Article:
Thursday, 15 June 2017

Plans for Port Royal: the dangers of turning a 'remarkable opportunity' into an 'embarrassment'

The consultants for the Port Royal Scoping Study have put together a 'concept idea' for Eastern Town - to be considered by residents later this month:
Futures Forum: Plans for Port Royal: anticipating a Regeneration Board >> "Initial concept proposals for Sidmouth’s Port Royal available to view at consultation days later this month >> Come along and have your say at Kennaway House on June 26 and 27"

It is hoped that the high expectations and grand designs will not end up in the way this showcase development has:

'An embarrassment to the city': what went wrong with the £725m gateway to Cambridge?

Initially planned by Richard Rogers, CB1 was to be a world-class arrival point, with park, piazza, heritage centre and affordable homes. Instead, it’s ‘a future slum’ plagued by antisocial behaviour and sex-trafficking

Fenced off for two years … Mill Park, part of the CB1 development, is the only green space for 1,000 student flats and 350 homes. Photograph: Oliver Wainwright for the Guardian
“A remarkable opportunity,” is how architect Richard Rogers described his £725m vision to design an entirely new gateway to Cambridge. Twelve years on, the result has been called “rubbish”, “unfit” and “soulless” by local residentsnot to mention being accused of “designing in crime”, after a rise in antisocial behaviour and a wave of “pop-up brothels”.
Visitors arriving by train are now greeted with a generic clone-town scene more like a suburban retail park than an illustrious seat of learning. Reconstituted stone fins line the front of a broad, bland office building, presenting a beige frontage of Pret, Costa and Wasabi outlets to the new station square. The insipid facade of a squat Ibis hotel frames its other side, looking on to a public space seemingly designed more with cars than people in mind. For somewhere that markets itself as “the best small city in the world”, it is a disappointing welcome.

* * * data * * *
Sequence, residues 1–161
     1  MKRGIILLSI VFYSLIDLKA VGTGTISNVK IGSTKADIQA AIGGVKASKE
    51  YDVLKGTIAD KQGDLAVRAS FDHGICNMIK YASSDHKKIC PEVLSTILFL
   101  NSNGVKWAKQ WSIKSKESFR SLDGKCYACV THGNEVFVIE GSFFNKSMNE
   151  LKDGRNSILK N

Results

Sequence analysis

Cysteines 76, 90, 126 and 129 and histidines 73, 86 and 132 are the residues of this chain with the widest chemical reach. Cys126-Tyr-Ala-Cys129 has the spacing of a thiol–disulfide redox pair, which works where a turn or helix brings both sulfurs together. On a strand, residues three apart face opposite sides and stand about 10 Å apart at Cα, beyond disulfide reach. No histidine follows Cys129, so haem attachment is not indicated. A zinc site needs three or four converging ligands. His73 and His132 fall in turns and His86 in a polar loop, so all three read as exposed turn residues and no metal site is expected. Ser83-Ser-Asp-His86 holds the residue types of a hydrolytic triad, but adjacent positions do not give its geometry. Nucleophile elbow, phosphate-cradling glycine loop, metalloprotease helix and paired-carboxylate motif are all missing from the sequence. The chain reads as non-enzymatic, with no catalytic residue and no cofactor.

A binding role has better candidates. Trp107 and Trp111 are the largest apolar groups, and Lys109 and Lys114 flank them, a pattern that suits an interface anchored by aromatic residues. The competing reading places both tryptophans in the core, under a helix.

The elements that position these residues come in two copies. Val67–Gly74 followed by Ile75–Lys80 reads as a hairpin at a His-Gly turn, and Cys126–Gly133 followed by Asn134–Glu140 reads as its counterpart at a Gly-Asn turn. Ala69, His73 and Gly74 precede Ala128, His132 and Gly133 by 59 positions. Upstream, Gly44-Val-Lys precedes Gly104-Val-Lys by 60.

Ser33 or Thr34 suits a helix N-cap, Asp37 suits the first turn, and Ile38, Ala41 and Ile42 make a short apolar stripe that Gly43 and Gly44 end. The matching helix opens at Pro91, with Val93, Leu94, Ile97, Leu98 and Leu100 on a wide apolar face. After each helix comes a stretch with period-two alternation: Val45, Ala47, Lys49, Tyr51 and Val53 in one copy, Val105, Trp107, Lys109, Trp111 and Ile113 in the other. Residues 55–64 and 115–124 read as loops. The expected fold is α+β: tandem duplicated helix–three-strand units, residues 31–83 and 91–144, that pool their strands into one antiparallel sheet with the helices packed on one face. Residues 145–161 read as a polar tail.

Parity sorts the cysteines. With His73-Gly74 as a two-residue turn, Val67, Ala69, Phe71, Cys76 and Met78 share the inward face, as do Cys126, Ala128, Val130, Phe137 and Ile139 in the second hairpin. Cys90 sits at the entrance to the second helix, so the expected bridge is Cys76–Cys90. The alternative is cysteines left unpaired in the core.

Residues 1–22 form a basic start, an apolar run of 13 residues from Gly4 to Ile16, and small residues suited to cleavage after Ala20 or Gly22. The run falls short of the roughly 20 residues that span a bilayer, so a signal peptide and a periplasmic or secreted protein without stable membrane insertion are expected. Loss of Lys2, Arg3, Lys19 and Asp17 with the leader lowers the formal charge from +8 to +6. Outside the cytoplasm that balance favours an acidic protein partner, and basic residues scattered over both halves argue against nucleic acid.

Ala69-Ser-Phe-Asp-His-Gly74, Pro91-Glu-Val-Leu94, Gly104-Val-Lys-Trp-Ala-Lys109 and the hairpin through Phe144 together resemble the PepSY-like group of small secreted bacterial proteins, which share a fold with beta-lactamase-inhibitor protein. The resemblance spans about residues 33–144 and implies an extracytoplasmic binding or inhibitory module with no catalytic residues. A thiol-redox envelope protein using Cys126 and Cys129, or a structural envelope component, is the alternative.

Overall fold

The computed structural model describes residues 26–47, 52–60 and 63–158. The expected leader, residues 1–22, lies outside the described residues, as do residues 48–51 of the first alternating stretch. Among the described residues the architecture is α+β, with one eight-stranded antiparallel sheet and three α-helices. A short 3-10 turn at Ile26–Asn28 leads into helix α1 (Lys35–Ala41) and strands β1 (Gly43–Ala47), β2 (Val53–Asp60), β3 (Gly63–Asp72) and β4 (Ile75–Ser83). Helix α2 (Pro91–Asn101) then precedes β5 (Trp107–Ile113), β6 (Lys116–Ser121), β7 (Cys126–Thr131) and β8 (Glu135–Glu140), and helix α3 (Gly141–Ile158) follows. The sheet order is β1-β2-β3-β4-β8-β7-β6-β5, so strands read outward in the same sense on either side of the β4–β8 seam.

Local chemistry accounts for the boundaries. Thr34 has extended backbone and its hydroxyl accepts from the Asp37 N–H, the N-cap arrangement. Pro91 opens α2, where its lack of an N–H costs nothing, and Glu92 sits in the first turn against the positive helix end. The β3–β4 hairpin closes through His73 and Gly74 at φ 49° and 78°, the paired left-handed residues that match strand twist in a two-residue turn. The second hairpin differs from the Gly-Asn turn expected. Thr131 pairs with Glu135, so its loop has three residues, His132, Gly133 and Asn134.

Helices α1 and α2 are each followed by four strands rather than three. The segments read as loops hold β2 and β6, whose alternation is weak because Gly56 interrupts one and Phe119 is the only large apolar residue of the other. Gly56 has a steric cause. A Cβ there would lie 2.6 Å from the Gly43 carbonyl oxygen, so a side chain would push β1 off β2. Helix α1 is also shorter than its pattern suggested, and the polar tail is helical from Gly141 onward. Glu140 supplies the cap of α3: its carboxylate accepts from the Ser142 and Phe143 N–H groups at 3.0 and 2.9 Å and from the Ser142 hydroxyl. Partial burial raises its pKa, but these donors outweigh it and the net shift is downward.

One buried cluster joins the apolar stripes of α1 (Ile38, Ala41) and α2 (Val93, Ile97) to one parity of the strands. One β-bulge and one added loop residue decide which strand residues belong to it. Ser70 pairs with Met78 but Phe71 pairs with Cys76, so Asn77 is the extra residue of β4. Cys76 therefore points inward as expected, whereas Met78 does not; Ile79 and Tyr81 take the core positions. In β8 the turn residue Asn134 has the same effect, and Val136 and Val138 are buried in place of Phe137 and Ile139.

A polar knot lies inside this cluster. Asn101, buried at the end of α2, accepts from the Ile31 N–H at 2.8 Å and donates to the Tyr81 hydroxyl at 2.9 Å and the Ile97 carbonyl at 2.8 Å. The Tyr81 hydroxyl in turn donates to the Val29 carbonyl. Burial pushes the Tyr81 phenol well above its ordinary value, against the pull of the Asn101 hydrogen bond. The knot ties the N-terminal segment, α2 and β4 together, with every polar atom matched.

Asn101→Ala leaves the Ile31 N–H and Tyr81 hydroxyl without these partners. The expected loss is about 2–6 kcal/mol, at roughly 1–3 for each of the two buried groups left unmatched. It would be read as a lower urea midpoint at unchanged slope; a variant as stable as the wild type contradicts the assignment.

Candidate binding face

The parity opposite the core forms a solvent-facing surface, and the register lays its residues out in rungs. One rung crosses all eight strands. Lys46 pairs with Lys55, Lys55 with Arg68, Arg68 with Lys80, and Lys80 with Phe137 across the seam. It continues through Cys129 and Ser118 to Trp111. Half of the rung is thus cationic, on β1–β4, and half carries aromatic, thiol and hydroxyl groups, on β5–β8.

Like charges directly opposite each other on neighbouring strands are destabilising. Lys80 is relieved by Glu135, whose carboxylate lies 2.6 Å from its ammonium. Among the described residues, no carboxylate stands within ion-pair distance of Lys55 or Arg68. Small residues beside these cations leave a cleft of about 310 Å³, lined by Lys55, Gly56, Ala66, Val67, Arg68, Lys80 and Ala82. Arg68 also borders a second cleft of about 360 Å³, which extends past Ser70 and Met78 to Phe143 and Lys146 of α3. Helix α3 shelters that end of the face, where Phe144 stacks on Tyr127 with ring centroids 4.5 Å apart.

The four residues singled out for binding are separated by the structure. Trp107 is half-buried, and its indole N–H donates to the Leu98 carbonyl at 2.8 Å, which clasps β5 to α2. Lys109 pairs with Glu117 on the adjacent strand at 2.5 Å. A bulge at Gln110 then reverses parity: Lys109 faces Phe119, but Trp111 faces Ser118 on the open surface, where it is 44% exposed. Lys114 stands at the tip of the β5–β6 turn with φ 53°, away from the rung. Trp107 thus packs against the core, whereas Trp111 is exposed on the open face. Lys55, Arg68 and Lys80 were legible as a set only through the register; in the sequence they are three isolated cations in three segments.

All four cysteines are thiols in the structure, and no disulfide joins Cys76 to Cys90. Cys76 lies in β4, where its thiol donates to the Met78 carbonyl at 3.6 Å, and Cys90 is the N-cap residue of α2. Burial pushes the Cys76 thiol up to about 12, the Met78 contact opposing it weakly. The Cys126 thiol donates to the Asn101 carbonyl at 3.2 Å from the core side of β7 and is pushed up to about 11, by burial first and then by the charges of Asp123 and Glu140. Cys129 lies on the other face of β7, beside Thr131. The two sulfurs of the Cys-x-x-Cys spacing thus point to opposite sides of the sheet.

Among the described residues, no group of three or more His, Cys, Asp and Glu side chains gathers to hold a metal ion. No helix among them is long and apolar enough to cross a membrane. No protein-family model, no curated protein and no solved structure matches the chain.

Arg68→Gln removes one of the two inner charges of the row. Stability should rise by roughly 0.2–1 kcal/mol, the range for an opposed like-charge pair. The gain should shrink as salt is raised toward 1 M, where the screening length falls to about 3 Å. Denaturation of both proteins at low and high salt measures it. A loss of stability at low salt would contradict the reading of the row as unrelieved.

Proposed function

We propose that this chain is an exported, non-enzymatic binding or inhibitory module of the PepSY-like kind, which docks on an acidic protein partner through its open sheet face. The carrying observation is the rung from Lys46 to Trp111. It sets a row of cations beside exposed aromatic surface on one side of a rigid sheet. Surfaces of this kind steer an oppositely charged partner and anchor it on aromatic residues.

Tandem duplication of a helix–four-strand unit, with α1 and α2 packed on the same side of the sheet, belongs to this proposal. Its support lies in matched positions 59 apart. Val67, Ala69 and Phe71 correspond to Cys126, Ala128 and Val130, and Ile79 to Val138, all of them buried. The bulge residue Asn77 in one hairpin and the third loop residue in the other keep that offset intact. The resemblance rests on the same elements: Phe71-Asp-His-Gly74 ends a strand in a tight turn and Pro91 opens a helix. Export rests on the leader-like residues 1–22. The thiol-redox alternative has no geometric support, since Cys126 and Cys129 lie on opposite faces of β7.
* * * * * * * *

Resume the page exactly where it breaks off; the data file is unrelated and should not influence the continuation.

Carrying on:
“It’s such a wasted opportunity,” says local resident and community activist Sam Davies. “We were promised a world-class development and a wonderful new public piazza, but we’ve ended up with identikit blocks set around a choked taxi rank. It’s an embarrassment to the city.”
A long slab of student flats stretches to the south along the railway line, next to a row of four brick apartment blocks looking on to a small lawn, which has been fenced off for the last two years, following a spate of problems. As the only open space provided for the joint use of the 1,000 student apartments and 350 homes – many occupied by young families – it became a contested spot, a single patch of grass catering to small children and student football matches, a place of late-night music and, according to a council report, dope-smoking until the early hours.

'An embarrassment to the city': what went wrong with the £725m gateway to Cambridge? | Art and design | The Guardian

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